Students at Mt Laurel Elementary had a special task to perform as part of their monthly “House” meeting today after hearing from guest speaker Billy Ivey, the founder of Napkinisms. The students each wrote a special Napkinism note that will be sent to patients at Children’s Hospital of Alabama.
Ivey shared with the students how Napkinisms got started when he shared an Instagram photo of the silly messages he would write on the napkins that he would place in his children’s lunch boxes. The photos gained popularity to the point that Ivey now writes the notes for companies like Chick-Fil-A and Children’s Hospital of Alabama.
Students got ideas of what makes a good napkin note from Ivey – who showed them photos of his own “napkinisms.” Partly humorous, partly inspirational, the main idea is simply to create messages that can help to brighten someone’s day, Ivey explained.
The napkinisms project was conducted during the student’s monthly “House” meeting, a school community-building initiative that is entering its second year. The “Houses” concept was first introduced to Principal Celita Deem by first-grade teacher Heather Butler.
“I had read an article about another school that had implemented the concept and it sounded like a really good way for not only our students to interact but also the teachers from different grade levels who don’t always get to spend time with each other,” explained Butler.
There are five “Houses” which consist of a mixture of general education classes of different grade levels, special area teachers, special education teachers, paraprofessionals and office/lunchroom/custodial staff. “Houses” are named for five key traits school leaders want the children to exhibit: Honestidad (Honesty in Spanish), Rispetto (Respect in Italian), Uaminifu (Loyalty in Swahili), Amable (Kindness/Friendly in Spanish), and Magtiyaga (Perseverance in Filpino). Each “House” has a primary color (red, green, blue, yellow and orange) assigned to them with t-shirts in those colors for students and teachers to wear on meeting days and as their class field-trip shirt.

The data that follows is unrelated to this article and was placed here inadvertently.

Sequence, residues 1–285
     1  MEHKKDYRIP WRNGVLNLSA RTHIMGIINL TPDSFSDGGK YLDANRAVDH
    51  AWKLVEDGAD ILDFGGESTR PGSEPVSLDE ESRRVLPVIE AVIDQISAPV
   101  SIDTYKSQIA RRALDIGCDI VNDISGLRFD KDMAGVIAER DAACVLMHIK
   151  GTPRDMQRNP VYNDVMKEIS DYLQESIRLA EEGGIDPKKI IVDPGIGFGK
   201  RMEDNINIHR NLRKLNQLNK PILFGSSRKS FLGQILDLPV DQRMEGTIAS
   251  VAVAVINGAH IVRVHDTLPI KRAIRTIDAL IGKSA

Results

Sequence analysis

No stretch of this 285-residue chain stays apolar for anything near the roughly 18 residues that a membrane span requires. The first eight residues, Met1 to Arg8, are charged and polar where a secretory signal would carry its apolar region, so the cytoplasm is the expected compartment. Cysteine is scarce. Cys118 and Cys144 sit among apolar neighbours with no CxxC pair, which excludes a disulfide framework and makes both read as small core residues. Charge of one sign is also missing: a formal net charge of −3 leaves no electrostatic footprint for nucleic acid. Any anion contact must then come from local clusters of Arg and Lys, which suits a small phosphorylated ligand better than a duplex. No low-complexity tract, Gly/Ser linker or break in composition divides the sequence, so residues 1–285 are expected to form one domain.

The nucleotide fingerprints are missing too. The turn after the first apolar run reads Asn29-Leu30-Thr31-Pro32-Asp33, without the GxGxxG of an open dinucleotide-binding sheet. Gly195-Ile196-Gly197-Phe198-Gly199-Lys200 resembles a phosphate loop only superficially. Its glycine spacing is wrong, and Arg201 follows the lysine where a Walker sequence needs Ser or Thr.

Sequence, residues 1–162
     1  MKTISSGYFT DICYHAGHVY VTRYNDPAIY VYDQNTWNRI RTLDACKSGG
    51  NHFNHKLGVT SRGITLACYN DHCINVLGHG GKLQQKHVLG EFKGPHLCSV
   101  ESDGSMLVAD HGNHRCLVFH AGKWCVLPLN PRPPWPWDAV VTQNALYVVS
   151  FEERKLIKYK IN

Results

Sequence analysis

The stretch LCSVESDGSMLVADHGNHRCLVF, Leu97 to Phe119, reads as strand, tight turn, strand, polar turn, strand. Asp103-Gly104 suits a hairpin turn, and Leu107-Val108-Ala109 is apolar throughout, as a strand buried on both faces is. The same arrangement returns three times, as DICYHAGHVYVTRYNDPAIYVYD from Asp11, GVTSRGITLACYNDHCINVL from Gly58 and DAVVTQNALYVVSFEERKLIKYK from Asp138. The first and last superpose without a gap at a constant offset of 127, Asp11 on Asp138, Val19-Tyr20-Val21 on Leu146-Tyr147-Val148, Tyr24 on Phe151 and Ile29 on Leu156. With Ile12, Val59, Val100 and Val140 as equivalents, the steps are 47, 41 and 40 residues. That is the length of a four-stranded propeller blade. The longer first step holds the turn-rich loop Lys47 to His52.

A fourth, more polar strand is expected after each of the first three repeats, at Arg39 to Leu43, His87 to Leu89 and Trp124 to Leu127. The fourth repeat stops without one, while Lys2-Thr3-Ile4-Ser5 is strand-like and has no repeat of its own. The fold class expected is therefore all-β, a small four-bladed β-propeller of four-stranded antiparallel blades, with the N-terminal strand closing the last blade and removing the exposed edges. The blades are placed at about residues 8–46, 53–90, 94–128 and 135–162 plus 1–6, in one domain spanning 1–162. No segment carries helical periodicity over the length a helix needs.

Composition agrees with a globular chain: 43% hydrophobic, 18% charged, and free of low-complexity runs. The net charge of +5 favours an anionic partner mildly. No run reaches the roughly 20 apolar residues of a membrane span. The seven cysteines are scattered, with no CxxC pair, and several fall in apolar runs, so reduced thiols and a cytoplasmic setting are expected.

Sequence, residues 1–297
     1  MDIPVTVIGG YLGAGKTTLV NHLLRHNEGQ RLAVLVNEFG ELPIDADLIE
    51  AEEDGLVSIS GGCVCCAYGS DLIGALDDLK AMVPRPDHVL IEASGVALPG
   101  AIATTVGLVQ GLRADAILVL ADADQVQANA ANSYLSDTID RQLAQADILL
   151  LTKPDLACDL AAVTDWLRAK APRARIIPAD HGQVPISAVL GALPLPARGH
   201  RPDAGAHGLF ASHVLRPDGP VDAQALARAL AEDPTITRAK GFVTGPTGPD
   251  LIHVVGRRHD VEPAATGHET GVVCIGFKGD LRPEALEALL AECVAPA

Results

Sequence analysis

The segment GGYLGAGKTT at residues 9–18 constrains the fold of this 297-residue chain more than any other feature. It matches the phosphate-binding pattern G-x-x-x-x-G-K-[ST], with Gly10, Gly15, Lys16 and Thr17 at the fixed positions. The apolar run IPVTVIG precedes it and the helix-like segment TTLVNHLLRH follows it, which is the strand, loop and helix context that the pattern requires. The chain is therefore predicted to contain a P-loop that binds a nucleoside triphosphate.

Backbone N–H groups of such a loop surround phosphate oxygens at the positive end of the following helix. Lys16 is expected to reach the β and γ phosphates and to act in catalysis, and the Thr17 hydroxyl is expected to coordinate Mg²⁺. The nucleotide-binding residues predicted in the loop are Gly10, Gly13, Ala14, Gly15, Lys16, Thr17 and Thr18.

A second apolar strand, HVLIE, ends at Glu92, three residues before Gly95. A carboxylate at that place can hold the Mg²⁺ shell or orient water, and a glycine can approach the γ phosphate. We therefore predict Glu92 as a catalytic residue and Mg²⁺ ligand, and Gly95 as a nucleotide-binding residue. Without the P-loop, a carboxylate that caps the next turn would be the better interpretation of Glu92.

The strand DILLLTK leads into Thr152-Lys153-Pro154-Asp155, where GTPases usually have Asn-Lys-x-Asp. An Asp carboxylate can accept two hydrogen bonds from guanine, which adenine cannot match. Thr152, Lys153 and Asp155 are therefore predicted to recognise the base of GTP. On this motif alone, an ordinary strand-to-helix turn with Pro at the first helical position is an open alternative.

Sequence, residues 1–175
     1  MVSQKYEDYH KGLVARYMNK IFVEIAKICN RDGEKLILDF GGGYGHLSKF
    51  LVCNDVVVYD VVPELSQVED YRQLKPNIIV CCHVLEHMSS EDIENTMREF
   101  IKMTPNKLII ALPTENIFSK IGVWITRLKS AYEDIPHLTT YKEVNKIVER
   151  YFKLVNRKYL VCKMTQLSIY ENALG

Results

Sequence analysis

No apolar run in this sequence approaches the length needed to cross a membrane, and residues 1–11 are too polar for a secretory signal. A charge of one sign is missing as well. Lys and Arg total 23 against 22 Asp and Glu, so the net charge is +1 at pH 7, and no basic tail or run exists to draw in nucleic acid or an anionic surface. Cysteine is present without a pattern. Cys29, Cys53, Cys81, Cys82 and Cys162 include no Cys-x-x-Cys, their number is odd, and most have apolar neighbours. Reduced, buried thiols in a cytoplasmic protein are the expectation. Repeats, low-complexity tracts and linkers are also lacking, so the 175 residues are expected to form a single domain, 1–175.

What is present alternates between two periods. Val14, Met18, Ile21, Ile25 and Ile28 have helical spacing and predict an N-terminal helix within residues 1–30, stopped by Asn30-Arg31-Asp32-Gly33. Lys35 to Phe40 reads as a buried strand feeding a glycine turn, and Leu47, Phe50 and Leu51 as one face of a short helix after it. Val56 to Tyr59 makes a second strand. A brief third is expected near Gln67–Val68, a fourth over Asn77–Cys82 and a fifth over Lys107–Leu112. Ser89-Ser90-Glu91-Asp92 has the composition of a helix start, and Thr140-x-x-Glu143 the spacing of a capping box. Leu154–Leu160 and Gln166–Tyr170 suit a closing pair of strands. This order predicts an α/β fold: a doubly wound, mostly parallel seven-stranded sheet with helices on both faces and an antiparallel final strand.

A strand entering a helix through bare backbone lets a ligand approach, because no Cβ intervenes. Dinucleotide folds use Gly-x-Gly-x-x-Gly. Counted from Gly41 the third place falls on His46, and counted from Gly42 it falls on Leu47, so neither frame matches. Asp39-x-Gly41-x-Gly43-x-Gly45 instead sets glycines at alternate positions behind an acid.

Butler said it has really been impactful in that the students are building relationships with each other from the various grade levels and teachers are getting to know other students other than the ones in their class.
“I get to meet kindergarten students that I might have the next year in my class,” said Butler. “This year I have three students who were in my House group, so at the Meet the Teacher day they already recognized me. I also get to see kids that I previously taught that I wouldn’t have the opportunity to cross paths with much anymore
Deem said when she first became the principal at MLES she was committed to building relationships with all stakeholders, not only within the walls of the schools but filtering out into the community also.
“The ‘Houses’ have taken the relationship piece to a deeper level,” she said. “And the fact that it has been teacher-led created more ownership and buy-in among all staff.”
Assistant Principal Tina Neighbors said one of her favorite things is watching the mentor-mentee relationships that have formed among the older and younger students. It has given the younger students someone older to look up to while providing leadership opportunities for the older students. As a result, Deem and Neighbors said the “Houses” have helped increase academic achievement and decrease disciple referrals since it was implemented.